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NY F86804

May 9, 2000

MAR-2 RR:NC:N1:113 F86804


Mr. Don M. Obert
Follick & Bessich
33 Walt Whitman Road
Suite 204
Huntington Station, NY 11746


Dear Mr. Obert:

This is in response to your letter dated May 4, 2000, on behalf of Admiral Craft Equipment Corp., requesting a ruling on whether the proposed method of marking the container in which flatware is imported with the country of origin in lieu of marking the article itself is an acceptable country of origin marking for the imported flatware. A marked sample container was submitted with your letter for review.

The merchandise consists of flatware, imported from China, India, Japan, Korea, Taiwan, Indonesia and Thailand. The flatware is specifically manufactured for use by institutional buyers such as restaurants, hotels, airlines, nursing homes and hospitals. It includes assorted sizes and styles of knives, forks and spoons. None of the flatware is imported in sets. The foreign manufacturer will wrap each piece of flatware in an individual unsealed plastic wrapper. The flatware will then be packaged in immediate cardboard boxes, each box containing twelve pieces of the same type of flatware. Multiple dozens will then be packaged into master shipping cartons. You intend to mark both the cardboard boxes and the shipping cartons with the country of origin, without marking the individual pieces of flatware. Occasionally, Adcraft may be required to open the outer shipping carton to fulfill smaller orders of less than a full carton. In those cases, the flatware will remain in its immediate, marked, cardboard box.

Adcraft will distribute the flatware in the marked cardboard boxes directly to institutions, such as restaurants, and indirectly through distributors in the form of restaurant supply companies. The supply companies will re-sell the merchandise to food service institutions. Adcraft does not sell its flatware in quantities of less than a dozen and does not repackage the flatware after importation under any circumstances. Adcraft states it is aware of the requirements of 19 CFR 134.26(a)(2).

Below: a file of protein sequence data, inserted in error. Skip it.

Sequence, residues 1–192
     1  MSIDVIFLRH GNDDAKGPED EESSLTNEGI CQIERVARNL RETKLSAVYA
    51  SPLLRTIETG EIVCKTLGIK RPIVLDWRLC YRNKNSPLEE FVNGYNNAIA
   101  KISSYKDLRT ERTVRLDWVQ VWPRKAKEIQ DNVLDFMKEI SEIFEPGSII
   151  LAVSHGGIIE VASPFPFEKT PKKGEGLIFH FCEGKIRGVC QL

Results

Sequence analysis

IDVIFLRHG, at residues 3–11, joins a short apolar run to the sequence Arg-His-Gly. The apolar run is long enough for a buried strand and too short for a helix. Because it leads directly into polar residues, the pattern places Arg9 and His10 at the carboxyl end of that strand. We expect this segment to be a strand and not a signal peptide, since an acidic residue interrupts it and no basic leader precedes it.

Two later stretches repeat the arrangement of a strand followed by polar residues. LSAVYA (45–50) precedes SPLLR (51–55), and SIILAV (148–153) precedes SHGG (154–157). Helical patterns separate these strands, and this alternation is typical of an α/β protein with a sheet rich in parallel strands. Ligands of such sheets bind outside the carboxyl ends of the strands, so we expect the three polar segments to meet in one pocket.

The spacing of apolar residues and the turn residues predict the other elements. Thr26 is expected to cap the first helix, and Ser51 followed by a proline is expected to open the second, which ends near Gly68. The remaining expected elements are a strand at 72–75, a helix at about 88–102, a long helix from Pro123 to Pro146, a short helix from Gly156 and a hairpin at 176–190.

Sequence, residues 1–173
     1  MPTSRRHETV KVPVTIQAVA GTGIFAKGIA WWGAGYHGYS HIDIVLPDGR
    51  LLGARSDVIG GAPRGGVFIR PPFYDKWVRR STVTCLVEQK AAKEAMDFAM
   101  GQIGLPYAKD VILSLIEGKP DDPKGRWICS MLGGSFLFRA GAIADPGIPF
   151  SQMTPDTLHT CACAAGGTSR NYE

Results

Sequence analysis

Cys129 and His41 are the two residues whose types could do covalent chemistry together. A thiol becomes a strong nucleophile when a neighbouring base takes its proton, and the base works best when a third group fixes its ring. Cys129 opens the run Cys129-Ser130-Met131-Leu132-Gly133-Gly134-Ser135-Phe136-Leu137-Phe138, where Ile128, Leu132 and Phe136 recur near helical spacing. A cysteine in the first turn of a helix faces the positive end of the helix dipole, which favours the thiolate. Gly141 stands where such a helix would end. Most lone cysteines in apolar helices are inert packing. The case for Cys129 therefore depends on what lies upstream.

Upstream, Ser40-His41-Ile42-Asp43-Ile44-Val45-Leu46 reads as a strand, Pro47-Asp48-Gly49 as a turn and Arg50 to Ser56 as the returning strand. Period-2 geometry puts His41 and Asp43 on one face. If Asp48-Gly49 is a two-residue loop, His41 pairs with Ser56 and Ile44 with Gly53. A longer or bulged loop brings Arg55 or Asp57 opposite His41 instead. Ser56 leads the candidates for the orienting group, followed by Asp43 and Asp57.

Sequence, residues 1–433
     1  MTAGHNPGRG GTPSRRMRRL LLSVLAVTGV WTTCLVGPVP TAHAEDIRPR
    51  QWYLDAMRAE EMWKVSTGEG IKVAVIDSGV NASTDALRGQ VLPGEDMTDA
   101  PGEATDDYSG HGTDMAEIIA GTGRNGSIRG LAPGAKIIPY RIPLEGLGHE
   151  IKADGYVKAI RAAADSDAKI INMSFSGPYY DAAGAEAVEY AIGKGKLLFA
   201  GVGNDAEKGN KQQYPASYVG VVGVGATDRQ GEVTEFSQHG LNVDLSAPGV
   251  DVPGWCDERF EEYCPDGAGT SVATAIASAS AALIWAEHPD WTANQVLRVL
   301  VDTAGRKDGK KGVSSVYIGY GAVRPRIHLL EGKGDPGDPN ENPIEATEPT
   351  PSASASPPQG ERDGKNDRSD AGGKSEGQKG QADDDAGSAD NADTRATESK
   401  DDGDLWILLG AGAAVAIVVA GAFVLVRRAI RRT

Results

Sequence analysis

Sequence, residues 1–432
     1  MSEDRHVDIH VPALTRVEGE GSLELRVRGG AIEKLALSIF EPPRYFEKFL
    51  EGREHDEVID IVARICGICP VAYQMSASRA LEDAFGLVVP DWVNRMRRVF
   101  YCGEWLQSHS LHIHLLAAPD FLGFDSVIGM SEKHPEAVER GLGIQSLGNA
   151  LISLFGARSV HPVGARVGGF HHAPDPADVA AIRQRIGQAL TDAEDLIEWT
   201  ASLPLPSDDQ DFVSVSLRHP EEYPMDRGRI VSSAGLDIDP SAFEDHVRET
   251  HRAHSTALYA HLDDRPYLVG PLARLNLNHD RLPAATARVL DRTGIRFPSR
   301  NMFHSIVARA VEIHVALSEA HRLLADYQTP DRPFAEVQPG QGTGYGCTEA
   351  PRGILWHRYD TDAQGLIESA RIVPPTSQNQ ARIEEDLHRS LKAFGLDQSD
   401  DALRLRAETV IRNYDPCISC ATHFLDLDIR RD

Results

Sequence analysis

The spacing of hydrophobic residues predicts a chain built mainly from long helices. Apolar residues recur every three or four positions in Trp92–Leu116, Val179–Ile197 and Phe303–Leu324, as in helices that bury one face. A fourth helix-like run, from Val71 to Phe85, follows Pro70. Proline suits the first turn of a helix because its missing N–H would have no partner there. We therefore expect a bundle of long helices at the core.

The facts of this case are similar to HQ 559398, where Customs excepted flatware and chinaware from individual country of origin marking because the articles were sold to hotels, restaurants, and institutions, and not at retail outlets. The utensils were also packed in immediate marked containers that held one dozen of the same type of utensil. The master shipping cartons holding 30-50 immediate containers were also marked. Customs held that since there were no retail purchasers and all of the imported flatware and chinaware were packed in properly marked bulk containers, the flatware and chinaware were excepted from individual country of origin marking provided the Customs officials at the port of entry were satisfied that the ultimate purchasers received the flatware and chinaware in the original unopened properly marked outer container. In those instances, where the outer boxes were opened, it was determined that the requirements of 19 C.F.R. §134.26 had to be satisfied.

Section 134.26(a), Customs Regulations {19 C.F.R. §134.26(a)}, provides in pertinent part that:

If an imported article subject to these requirements is intended to be repacked in retail containers (e.g. blister packs) after its release from Customs custody, or if the port director having custody of the article, has reason to believe that such article will be repacked after its release, the importer shall certify to the port director that: ... (2) if the article is intended to be sold or transferred to a subsequent purchaser or repacker, the importer shall notify such purchaser or transferee, in writing, at the time of sale or transfer, that any repacking of the article must conform to these requirements.